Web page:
“Ready For100″’ Program Case Study Highlights Ten Cities That Have Joined Nationwide Movement
Plus: Check Which Local Communities Are Seriously Considering Doing the Same
By Chris Gillespie
The Sierra Club recently published their 2017 case study “Ready For 100,” which features ten cities in the U.S. that have recently joined 37 others in committing to use 100% renewable energy within the next several decades.
Here are the American cities that make up the “Ready For 100” Class of 2017:
Abita Springs, LA
Located an hour north of New Orleans, Abita Springs has pledged to use 100% renewable electricity by 2030. The resolution was passed by the Town Council in March 2017 and is supported by Mayor Greg Lemons, who happens to be a Republican and who has said, “Clean energy just makes good economic sense.”
In May 2017, Atlanta’s City Council voted unanimously to power all municipal facilities in the Georgia capital with renewable energy by 2025, including Hartsfield-Jackson Atlanta International Airport, the busiest airport in North America. The rest of the community is committed to being powered by 100% renewables by 2035.
Boulder made history in 2007 when it became the first city in the U.S. to enact a voter-approved carbon tax. In December 2016, the people of Boulder proved their commitment to the environment once again by passing a city council-approved goal of going 40% renewable by 2020 and 100% renewable by 2030.
As reported in the June edition of GET, Hanover made national history in June 2017 when its residents voted on and approved a goal of transitioning to 100% renewable electricity by 2030 and 100% renewable heating and transportation by 2050. Hanover is home to Dartmouth College, which has set its own goals of using 50% renewable energy on campus by 2025 and 100% by 2050.
The Madison Common Council made Wisconsin history in March 2017 when it approved a commitment to utilize 100% clean energy in electricity, heating and transportation. Madison, the largest city in the Midwest, will release a plan by January 2018 that details how and when Madison can reach its 100% goal.
Earlier this year, within hours of President Trump announcing the U.S.’s withdrawal from the Paris Climate Accord, the Portland City Council and Multnomah County Commission voted to adopt a 100% renewable energy goal for the entire city by 2050.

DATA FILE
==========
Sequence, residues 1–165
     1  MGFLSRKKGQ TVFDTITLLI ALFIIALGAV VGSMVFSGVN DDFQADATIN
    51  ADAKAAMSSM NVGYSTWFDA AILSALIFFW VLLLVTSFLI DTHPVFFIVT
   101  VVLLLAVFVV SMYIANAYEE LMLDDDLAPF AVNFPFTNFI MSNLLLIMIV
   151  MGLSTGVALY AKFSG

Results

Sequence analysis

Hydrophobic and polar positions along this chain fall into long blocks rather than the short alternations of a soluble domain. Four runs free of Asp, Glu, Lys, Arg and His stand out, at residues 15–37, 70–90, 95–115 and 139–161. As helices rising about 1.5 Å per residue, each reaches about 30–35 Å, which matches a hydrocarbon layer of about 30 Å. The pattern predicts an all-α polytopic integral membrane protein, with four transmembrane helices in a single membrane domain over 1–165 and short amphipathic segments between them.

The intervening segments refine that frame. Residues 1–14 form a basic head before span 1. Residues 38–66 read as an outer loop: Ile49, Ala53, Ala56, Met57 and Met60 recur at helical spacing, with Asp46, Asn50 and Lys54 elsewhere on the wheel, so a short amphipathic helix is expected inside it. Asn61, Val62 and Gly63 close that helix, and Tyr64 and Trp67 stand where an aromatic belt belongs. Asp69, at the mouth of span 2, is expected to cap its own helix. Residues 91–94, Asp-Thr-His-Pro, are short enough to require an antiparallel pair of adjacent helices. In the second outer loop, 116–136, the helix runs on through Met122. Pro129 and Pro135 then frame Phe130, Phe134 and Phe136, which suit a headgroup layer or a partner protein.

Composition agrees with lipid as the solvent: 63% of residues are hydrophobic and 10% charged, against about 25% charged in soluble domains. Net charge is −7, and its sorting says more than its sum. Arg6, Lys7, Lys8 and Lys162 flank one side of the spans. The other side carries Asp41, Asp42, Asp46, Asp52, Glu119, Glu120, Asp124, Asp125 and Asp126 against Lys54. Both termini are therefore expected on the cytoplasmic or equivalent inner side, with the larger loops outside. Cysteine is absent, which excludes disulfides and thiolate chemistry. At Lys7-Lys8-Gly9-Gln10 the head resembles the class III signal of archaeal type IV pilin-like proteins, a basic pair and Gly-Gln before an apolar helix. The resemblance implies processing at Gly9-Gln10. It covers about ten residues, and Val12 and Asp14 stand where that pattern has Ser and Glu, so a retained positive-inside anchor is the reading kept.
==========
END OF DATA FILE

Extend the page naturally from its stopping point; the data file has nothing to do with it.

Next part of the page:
Community officials in Pueblo hope that switching to renewable energy will provide economic relief to Pueblo’s low-income residents who have struggled for years with suffocating electricity bills. In February 2017, Pueblo’s City council voted 6-to-1 for a 100% clean energy resolution. Pueblo is already home to the world’s largest wind-tower manufacturing plant.
Salt Lake City, UT
Proposed by Mayor Jackie Biskupski and adopted by the City Council in November 2016, Salt Lake City’s joint resolution to acquire 100% of the community’s energy from renewable sources by 2032 and to reduce community greenhouse gas emissions by 80% by 2040 was adopted out of concern for public health and the local economy.
South Lake Tahoe, CA
In April 2017, South Lake Tahoe adopted a goal to transition to 100% renewable energy by 2032 and reduce greenhouse emissions by 80% by 2049. Says Mayor Austin Sass, “The passion to protect our natural resources made this commitment possible and reflects the city’s vision statement to ‘reflect the National Treasure in which we live.’”
St. Petersburg, FL
In November 2016, St. Petersburg’s City Council voted unanimously to allocate $250,000 from BP Deepwater Horizon oil spill settlement funds to develop an Integrated Sustainability Action Plan, which will chart a course for the Florida city to transition to 100% renewable energy.
More New Hampshire Towns Eyeing 100%
GET readers should keep their eyes out for several New Hampshire towns that might possibly appear in upcoming “Ready for 100” reports. According to the Sierra Club, the energy committees of Concord, NH, Plainfield, NH and Cornish, NH have all endorsed the 100% renewable goal and are “nearing” commitments.
For the complete case study and for ways you can take action in your own town, visit ReadyFor100.org.
LATE BREAKING NEWS: Phil Swanson, Municipal Manager for the Town and Village of Woodstock, Vermont, has told GET that Woodstock just signed on to the “Ready For 100” program. More details to come in the February 2018 edition of Green Energy Times.
Chris Gillespie is a contributing writer for Green Energy Times. He can be reached at firstname.lastname@example.org.